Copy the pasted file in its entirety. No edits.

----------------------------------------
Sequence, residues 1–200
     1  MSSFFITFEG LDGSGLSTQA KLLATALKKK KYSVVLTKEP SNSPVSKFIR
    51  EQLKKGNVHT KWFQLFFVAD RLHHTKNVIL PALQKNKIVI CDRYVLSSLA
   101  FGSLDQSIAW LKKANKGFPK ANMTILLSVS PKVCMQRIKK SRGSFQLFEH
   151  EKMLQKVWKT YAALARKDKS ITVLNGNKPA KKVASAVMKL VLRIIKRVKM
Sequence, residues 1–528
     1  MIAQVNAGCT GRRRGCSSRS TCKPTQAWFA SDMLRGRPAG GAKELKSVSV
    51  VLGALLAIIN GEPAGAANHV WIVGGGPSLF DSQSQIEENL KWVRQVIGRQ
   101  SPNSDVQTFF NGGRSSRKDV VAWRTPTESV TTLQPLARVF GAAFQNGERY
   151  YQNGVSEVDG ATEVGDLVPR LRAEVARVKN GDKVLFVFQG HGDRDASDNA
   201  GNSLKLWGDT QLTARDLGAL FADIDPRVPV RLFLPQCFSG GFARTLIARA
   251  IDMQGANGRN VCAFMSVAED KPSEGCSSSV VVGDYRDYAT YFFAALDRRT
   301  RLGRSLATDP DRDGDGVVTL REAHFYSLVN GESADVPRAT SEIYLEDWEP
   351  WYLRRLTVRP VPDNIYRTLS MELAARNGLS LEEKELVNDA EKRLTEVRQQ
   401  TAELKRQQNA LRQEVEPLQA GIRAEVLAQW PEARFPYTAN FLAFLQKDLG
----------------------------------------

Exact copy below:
Sequence, residues 1–200
     1  MSSFFITFEG LDGSGLSTQA KLLATALKKK KYSVVLTKEP SNSPVSKFIR
    51  EQLKKGNVHT KWFQLFFVAD RLHHTKNVIL PALQKNKIVI CDRYVLSSLA
   101  FGSLDQSIAW LKKANKGFPK ANMTILLSVS PKVCMQRIKK SRGSFQLFEH
   151  EKMLQKVWKT YAALARKDKS ITVLNGNKPA KKVASAVMKL VLRIIKRVKM
Sequence, residues 1–528
     1  MIAQVNAGCT GRRRGCSSRS TCKPTQAWFA SDMLRGRPAG GAKELKSVSV
    51  VLGALLAIIN GEPAGAANHV WIVGGGPSLF DSQSQIEENL KWVRQVIGRQ
   101  SPNSDVQTFF NGGRSSRKDV VAWRTPTESV TTLQPLARVF GAAFQNGERY
   151  YQNGVSEVDG ATEVGDLVPR LRAEVARVKN GDKVLFVFQG HGDRDASDNA
   201  GNSLKLWGDT QLTARDLGAL FADIDPRVPV RLFLPQCFSG GFARTLIARA
   251  IDMQGANGRN VCAFMSVAED KPSEGCSSSV VVGDYRDYAT YFFAALDRRT
   301  RLGRSLATDP DRDGDGVVTL REAHFYSLVN GESADVPRAT SEIYLEDWEP
   351  WYLRRLTVRP VPDNIYRTLS MELAARNGLS LEEKELVNDA EKRLTEVRQQ
   401  TAELKRQQNA LRQEVEPLQA GIRAEVLAQW PEARFPYTAN FLAFLQKDLG